Sweatshop Fire in Bangladesh: Tragedy Repeats Itself

Noah Brand questions whether the recent tragedy in Bangladesh will have any influence on international workplace safety reform

In 1911, a hundred and forty-six workers, mostly young immigrant women, died horribly because their work conditions were criminally, unjustifiably dangerous. When fire broke out in their dim, overcrowded workrooms, they found all the exits locked, trapping them inside with the smoke and the flames. Those who didn’t succumb to the blaze jumped out the windows in a vain hope of escape. The owners of the company weren’t even fined, though two years later a civil suit forced them to pay out a whopping $75 per human life.

The tragedy awoke much of America to the desperate need for labor reform. Gilded Age laissez-faire policies had trusted that businesses would look after their workers in their own prudent interests. The fire ended that lie, temporarily. It helped lay bare similar abuses coast to coast, helped make clear to the average newspaper reader that working people needed to protect themselves from abuses by their corporate masters. Over the following decades, unions and voters brought in sweeping reforms, improving safety, working conditions, pay, benefits, and more.

Then laissez-faire got fashionable again, this time with a global-economy spin. Outsourcing does more than move jobs to where labor’s cheapest; it helps put layers of legal deniability between corporate policy and corpse piles.

Now, with another hundred-plus garment workers dead in another deadly sweatshop fire, the corporate giants responsible are shocked—shocked!—to find that their cut-costs-at-any-price policy has, you know, any price:

If this were an isolated incident of Wal-Mart denying responsibility for the conditions under which the people who make and move its products labor, then the Bangladeshi disaster wouldn’t reflect quite so badly on the company. But the very essence of the Wal-Mart system is to employ thousands upon thousands of workers through contractors and subcontractors and sub-subcontractors, who are compelled by Wal-Mart’s market power and its demand for low prices to cut corners and skimp on safety. And because Wal-Mart isn’t the employer of record for these workers, the company can disavow responsibility for their conditions of work.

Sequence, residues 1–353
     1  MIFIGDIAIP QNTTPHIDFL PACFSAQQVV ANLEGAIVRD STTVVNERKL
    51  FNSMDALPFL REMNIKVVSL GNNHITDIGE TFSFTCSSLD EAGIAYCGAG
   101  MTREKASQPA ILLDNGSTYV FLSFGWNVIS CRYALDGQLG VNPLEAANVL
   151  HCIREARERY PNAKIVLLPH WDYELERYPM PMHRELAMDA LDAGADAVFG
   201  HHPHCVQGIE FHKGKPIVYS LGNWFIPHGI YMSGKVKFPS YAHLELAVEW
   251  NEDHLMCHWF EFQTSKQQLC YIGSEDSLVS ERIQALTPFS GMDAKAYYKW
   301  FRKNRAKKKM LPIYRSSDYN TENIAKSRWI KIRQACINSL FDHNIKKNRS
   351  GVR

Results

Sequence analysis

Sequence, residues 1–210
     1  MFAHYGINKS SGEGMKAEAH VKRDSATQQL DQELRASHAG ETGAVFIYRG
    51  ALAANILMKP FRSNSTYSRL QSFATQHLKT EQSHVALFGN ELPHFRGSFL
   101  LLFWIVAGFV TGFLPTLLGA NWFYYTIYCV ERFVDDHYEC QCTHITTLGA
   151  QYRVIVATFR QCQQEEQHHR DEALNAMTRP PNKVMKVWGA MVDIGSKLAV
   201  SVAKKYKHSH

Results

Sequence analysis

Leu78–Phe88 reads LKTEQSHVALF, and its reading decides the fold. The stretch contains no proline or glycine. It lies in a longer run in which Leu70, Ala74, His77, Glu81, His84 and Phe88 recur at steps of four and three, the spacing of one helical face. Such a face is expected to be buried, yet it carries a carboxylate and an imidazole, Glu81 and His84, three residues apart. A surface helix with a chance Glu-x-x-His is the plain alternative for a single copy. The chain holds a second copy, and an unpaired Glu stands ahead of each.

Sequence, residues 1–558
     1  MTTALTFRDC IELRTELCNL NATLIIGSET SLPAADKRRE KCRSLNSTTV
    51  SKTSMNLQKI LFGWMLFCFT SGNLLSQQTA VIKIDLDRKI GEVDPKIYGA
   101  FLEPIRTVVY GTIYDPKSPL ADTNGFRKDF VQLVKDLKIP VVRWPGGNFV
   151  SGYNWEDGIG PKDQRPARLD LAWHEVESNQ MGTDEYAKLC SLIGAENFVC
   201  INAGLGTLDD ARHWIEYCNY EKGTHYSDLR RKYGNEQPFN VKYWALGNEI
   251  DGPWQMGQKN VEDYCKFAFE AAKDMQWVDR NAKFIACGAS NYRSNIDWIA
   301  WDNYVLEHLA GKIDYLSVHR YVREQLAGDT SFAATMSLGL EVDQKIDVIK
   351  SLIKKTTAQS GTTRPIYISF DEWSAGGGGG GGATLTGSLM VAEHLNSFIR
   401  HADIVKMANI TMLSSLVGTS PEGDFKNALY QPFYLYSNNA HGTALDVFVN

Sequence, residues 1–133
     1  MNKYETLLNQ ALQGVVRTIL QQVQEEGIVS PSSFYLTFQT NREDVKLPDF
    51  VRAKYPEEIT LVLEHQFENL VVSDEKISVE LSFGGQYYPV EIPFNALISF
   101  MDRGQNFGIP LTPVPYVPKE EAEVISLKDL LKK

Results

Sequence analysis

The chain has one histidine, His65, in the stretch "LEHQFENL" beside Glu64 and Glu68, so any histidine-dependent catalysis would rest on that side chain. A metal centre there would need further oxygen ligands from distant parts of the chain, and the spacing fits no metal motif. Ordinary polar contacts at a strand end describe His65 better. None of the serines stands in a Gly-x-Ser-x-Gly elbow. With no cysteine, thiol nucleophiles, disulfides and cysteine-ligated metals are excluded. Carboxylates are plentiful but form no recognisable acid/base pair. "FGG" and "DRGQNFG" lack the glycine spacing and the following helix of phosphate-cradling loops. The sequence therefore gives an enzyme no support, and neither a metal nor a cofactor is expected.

So that’s what a hundred years has gotten us. We’re back to burning people in sweatshops, but now it’s brown people far away, and it’s a subcontractor of a subcontractor of a subcontractor, so the people in power can cluck their tongues and wonder how it’s possible that this kind of thing keeps happening.

It remains to be seen whether this unspeakable tragedy will have a legacy of hope and reform, like the hard-fought battles sparked by the Triangle Shirtwaist fire. Somehow, though, I’m not optimistic.

Photo—Public Domain

 

 

 

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About Noah Brand

Noah Brand is an Editor-at-Large at Good Men Project, and possibly also a cartoon character from the 1930s. His life, when it is written, will read better than it lived. He is usually found in Portland, Oregon, directly underneath a very nice hat.

Comments

  1. Richard Aubrey says:

    It’s not WalMart’s fault. It’s the fault of consumers who don’t want to pay more than they can afford for necessities.
    You need to be shaming the poor in the US. If they could or would pay more, WalMart would have a different business model.

    • You need to be shaming the poor in the US. If they could or would pay more, WalMart would have a different business model.

      So, Richard Aubrey, we should be “shaming” the poor for not doing what, by your own admission, you concede they may be unable to do.

      Hmmm … let’s, see according to Forbes, here is the net wealth of some relevant individuals:

      Rob Walton $26.1 billion
      Alice Walton $26.3 billion
      Jim Walton $26.8 billion
      Christy Walton “& family” $27.9 billion

      So EACH of these WalMart owners/heirs have more wealth than the bottom 12.3% of Americans (representing about 35 million people) COMBINED. (Source: A report from 2003 from the Federal Reserve Board, “A Rolling Tide: Changes In The Distribution Of Wealth In The U.S., 1989-2001″)

      But it’s the poor who are at fault here. Sure.